Biden, congressional leaders to meet as government shutdown nears

Washington — President Biden is set to meet with the top congressional leaders on Tuesday morning as lawmakers have just a handful of days to avert a partial government shutdown.

Senate Majority Leader Chuck Schumer, Senate Minority Leader Mitch McConnell, House Speaker Mike Johnson and House Minority Leader Hakeem Jeffries are set to meet with the president and vice president in the Oval Office to discuss the effort to keep the government open beyond March 1. But consensus around how to proceed appeared out of reach heading into the meeting.

“While we’ve made some good progress on a number of fronts, unfortunately, our House Republican colleagues are still struggling to figure themselves out,” Schumer said on the Senate floor on Monday. “There’s a lot of uncertainty over how the House will proceed in the coming days.”

Without a measure to fund the government or extend current funding levels on the first four of 12 spending bills, a partial shutdown would begin Saturday at 12 a.m., impacting parts of the federal government from the Department of Veterans Affairs to the Food and Drug Administration. A week later, the second deadline arrives, when the bulk of government funding is set to expire.

President Biden speaks during a meeting with Senate Majority Leader Chuck Schumer and other top congressional leaders in Washington, D.C., on May 9, 2023. / Credit: BRENDAN SMIALOWSKI/AFP via Getty Images

Schumer said he’s hopeful that Republicans will work with Democrats to avoid a shutdown. And his counterpart in the Senate appeared to be on the same page.

“Shutting down the government is harmful to the country, and it never produces positive outcomes on either policy or politics,” McConnell said Monday, adding that a shutdown is “entirely avoidable.”

McConnell said Congress has the means and “just enough time” to avert a shutdown and make inroads on the annual appropriations bills. But he noted that the task will require that all parties work toward the clean appropriations bills, and “away from poison pills.”

Despite reaching an overarching agreement on topline numbers for government funding earlier this year, disagreements have remained in the funding effort. House conservatives have pushed for policy riders to be embedded within the funding legislation. Those policies are nonstarters for Democrats, complicating the path forward.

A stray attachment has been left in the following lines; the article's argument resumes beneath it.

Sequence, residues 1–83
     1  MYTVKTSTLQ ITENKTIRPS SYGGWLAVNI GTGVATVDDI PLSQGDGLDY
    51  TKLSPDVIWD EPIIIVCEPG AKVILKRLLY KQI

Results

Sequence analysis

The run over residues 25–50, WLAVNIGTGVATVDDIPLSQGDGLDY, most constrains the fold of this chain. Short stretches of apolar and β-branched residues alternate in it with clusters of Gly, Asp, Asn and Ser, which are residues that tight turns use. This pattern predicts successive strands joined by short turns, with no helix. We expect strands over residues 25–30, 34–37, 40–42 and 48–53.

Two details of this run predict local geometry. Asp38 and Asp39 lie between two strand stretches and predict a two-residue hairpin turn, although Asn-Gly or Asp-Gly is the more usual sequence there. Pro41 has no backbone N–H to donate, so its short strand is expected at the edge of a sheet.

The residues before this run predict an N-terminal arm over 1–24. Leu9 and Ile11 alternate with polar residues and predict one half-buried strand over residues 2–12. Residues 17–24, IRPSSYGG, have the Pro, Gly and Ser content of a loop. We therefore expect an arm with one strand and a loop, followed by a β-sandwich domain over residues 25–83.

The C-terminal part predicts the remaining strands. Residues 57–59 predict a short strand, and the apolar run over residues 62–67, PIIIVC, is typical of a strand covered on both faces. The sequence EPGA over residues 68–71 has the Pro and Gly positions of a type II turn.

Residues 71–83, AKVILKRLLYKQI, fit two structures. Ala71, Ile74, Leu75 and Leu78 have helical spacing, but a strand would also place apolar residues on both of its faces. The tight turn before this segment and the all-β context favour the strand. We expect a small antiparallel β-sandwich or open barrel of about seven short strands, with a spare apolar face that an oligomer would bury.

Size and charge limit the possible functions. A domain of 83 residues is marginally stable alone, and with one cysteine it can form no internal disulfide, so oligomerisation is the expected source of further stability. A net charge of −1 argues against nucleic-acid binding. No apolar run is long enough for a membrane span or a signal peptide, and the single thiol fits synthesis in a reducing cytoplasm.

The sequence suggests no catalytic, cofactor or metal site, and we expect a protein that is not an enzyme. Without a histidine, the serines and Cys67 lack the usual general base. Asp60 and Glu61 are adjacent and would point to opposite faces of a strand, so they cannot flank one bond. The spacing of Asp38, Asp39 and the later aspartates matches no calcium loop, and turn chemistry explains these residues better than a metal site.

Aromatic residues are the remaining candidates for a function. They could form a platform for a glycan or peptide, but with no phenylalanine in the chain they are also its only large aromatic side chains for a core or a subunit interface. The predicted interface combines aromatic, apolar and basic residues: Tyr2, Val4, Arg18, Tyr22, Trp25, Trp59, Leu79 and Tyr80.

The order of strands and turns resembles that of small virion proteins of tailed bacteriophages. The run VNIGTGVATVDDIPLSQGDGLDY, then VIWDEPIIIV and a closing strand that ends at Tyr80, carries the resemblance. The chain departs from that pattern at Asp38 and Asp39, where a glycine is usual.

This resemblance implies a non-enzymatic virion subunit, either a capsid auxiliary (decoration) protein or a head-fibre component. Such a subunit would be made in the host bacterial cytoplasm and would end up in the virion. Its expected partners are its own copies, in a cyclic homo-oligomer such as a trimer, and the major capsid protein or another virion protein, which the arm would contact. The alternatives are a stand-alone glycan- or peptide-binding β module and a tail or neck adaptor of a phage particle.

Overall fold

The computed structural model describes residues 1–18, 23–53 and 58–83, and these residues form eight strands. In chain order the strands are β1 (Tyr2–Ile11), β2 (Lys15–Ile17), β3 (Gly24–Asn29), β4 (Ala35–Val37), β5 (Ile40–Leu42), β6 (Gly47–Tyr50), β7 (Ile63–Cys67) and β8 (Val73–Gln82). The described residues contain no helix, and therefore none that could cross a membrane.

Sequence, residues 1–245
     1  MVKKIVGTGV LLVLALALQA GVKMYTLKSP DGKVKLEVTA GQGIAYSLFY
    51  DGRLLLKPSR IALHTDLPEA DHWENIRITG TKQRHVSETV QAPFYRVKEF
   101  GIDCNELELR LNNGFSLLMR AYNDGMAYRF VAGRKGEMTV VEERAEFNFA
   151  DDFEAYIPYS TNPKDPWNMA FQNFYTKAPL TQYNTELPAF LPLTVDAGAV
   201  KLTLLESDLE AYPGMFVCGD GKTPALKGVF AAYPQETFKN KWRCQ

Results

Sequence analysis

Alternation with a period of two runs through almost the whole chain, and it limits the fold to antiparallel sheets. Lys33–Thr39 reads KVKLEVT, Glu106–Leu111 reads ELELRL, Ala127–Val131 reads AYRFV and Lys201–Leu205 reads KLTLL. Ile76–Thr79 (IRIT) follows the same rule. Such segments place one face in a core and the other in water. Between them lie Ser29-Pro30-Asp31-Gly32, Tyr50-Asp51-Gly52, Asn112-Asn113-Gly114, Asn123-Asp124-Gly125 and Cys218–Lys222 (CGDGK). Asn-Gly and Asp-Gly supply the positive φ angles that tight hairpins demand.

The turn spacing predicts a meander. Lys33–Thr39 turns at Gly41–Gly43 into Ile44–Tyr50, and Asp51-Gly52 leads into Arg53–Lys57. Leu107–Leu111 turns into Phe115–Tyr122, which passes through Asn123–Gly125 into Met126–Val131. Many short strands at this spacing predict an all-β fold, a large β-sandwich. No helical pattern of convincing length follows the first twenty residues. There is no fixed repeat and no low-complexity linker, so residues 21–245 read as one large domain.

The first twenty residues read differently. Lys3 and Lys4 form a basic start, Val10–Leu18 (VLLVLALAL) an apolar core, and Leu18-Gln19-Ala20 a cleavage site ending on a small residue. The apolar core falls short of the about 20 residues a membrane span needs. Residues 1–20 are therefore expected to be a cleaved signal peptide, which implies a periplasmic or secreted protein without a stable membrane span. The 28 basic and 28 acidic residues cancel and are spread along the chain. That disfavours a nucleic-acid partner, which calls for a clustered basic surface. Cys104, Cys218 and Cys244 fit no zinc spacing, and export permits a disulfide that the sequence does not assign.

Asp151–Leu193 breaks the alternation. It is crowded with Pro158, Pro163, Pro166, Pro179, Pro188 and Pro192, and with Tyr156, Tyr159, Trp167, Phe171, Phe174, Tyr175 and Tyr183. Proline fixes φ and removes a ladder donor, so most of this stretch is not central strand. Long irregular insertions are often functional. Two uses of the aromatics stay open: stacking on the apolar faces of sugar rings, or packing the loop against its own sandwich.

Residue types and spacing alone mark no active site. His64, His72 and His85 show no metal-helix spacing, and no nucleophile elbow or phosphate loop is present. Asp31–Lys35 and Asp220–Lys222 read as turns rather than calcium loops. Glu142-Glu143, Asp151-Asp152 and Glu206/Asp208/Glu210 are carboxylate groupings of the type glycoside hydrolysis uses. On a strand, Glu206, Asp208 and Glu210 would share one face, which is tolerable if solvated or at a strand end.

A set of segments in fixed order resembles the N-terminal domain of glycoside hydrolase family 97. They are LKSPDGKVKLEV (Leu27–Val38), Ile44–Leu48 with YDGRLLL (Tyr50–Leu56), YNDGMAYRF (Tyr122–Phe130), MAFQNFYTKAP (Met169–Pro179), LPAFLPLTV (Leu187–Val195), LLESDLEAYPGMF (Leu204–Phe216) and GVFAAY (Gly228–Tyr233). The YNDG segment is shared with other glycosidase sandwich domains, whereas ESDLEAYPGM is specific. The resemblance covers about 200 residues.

Although lawmakers have been aiming to approve all 12 spending bills to fund the government for fiscal year 2024, after already passing three stopgap measures to keep the government funded, another funding patch appears likely as the deadline draws near and the disagreements persist.

The supplemental funding package

The leaders are also expected to discuss passing a supplemental funding bill that would provide tens of billions of dollars in aid to U.S. allies and partners, including about $60 billion for Ukraine and $14.1 billion for Israel, along with around $9.2 billion for humanitarian assistance in Gaza. The Senate passed the legislation earlier this month on a bipartisan basis, but Johnson has so far blocked its path forward in the House, as the lower chamber mulls its own approach to the supplemental funding.

The group of leaders met in January on the foreign aid, along with a border security agreement that drew pushback from Republicans, who argued it didn’t go far enough. When the deal was eventually announced and quickly rejected by the GOP, the foreign aid package without border security was offered as an alternative.

Absent support from House leadership, lawmakers have explored a handful of avenues to get the foreign aid package to the floor of the lower chamber. One option is a discharge petition, a rarely successful legislative maneuver that allows a majority of members to bring a bill to the floor, bypassing leadership in the process. A group of House centrists also unveiled legislation earlier this month designed to get around the stalemate by providing foreign aid while enacting tougher border security measures.

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